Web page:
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Edited by Samantha Kelly

A Companion to Medieval Ethiopia and Eritrea introduces readers to current research on major topics in the history and cultures of the Ethiopian-Eritrean region from the seventh century to the mid-sixteenth, with insights into foundational late-antique developments where appropriate. Multiconfessional in scope, it includes in its purview both the Christian kingdom and the Islamic and local-religious societies that have attracted increasing attention in recent decades, tracing their internal features, interrelations, and imbrication in broader networks stretching from Egypt and Yemen to Europe and India. Utilizing diverse source types and methodologies, its fifteen essays offer an up-to-date overview of the subject for students and nonspecialists, and are rich in material for researchers.

Contributors are Alessandro Bausi, Claire Bosc-Tiessé, Antonella Brita, Amélie Chekroun, Marie-Laure Derat, Deresse Ayenachew, François-Xavier Fauvelle, Emmanuel Fritsch, Alessandro Gori, Habtemichael Kidane, Margaux Herman, Bertrand Hirsch, Samantha Kelly, Gianfrancesco Lusini, Denis Nosnitsin, and Anaïs Wion.

Medieval Fortifications in Cilicia

The Armenian Contribution to Military Architecture in the Middle Ages

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Dweezil Vandekerckhove

In Medieval Fortifications in Cilicia Dweezil Vandekerckhove offers an account of the origins, development and spatial distribution of fortified sites in the Armenian Kingdom (1198-1375). Despite the abundance of archaeological remains, the Armenian heritage had previously not been closely studied. However, through the examination of known and newly identified castles, this work has now increased the number of sites and features associated with the Armenian Kingdom.
By the construction of numerous powerful castles, the Armenians succeeded in establishing an independent kingdom, which lasted until the Mamluk conquest in 1375. Dweezil Vandekerckhove convincingly proves that the medieval castles in Cilicia are of outstanding architectural interest, with a significant place in the history of military architecture.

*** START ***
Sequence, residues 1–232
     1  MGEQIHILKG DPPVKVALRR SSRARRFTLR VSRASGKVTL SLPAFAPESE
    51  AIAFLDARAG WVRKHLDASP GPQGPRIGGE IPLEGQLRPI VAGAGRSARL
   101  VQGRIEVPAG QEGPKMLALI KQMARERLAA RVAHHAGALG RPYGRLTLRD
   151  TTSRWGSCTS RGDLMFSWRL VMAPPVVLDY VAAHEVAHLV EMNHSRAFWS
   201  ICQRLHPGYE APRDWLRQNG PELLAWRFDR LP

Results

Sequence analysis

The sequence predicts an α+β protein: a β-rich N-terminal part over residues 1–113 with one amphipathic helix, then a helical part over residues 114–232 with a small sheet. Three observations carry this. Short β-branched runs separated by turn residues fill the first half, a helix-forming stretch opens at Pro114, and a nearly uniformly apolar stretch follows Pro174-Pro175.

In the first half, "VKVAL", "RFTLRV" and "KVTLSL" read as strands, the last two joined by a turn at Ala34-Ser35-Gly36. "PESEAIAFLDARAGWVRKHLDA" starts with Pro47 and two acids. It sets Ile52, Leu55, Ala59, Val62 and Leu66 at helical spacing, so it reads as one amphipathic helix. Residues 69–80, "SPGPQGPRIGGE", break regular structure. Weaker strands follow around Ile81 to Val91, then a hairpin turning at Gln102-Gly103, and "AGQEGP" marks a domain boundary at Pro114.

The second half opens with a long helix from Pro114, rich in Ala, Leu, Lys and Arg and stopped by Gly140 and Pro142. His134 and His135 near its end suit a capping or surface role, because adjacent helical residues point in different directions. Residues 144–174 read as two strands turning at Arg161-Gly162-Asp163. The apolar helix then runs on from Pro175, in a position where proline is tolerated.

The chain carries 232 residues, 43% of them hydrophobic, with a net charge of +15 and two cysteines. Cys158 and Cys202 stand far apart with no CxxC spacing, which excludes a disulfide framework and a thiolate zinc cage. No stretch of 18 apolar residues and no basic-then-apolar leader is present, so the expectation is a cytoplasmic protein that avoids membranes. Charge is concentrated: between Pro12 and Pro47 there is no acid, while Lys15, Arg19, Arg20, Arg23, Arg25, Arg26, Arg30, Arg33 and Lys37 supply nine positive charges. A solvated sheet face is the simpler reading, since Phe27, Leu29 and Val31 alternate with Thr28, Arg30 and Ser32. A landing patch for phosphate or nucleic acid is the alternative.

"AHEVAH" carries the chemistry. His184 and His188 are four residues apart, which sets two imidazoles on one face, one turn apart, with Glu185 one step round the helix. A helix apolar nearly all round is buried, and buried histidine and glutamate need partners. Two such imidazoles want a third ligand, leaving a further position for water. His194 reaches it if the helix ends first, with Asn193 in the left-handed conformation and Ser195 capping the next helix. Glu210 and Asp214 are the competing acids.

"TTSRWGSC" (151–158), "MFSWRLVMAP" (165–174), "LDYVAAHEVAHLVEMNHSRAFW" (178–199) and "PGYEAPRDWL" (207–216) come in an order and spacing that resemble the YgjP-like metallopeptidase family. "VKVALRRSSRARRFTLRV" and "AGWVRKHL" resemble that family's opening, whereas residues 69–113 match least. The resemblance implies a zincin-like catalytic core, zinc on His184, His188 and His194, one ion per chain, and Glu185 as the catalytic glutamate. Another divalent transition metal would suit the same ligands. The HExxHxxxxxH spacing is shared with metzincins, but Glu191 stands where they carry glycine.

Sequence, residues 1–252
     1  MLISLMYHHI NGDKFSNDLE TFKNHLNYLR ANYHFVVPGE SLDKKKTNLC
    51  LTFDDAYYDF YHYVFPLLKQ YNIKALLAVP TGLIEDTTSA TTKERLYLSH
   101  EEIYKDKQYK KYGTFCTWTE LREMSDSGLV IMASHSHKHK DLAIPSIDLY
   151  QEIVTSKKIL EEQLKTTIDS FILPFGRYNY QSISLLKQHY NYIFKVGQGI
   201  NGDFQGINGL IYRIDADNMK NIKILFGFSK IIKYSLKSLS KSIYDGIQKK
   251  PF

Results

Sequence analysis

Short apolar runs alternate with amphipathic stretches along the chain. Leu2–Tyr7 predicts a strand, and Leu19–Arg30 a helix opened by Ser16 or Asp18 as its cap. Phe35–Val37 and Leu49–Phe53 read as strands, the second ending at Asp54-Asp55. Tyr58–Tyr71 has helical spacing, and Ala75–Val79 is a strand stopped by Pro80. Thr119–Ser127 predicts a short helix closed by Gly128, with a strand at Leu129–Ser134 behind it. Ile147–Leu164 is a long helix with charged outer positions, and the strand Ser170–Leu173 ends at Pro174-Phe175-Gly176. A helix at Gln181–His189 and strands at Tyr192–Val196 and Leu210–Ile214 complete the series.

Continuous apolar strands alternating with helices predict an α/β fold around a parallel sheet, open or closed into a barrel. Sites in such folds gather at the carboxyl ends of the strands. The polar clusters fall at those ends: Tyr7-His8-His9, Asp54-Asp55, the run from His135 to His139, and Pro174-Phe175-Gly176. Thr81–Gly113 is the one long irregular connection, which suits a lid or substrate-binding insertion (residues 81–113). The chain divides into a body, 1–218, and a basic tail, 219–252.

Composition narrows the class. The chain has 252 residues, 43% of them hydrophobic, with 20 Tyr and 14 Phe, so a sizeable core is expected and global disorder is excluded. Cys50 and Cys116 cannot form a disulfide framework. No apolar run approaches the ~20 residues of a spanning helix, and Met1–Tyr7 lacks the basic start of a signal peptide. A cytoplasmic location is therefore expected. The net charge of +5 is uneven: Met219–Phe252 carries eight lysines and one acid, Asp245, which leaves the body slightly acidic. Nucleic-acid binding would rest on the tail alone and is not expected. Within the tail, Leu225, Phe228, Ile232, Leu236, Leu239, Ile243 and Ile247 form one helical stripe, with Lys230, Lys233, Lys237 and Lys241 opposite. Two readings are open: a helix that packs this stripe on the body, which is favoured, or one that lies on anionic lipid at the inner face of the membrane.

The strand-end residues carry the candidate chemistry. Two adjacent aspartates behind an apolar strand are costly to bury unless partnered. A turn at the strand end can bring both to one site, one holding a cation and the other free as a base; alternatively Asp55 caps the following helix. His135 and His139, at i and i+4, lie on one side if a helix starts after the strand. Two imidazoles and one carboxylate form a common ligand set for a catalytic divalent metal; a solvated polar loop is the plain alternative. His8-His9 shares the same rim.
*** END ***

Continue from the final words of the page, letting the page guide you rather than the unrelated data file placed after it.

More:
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Keren Zdafee

The Egyptian caricature is generally studied as part of Egyptian mass culture, and mainly discussed in the context of Egypt's anti-colonial resistance to British foreign rule, as part of the forging of a “national style". In Cartooning for a Modern Egypt, Keren Zdafee foregrounds the role that Egypt’s foreign-local entrepreneurs and caricaturists played in formulating and constructing the modern Egyptian caricature of the interwar years, that was designated for, and reflected, a colonial and cosmopolitan culture of a few. Keren Zdafee illustrates how Egyptian foreign-local caricaturists envisioned and evaluated the past, present, and future of Egyptian society, in the context of Cairo's colonial cosmopolitanism, by adopting a theoretical, semiotic, and historical approach.

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L.W.C. van Lit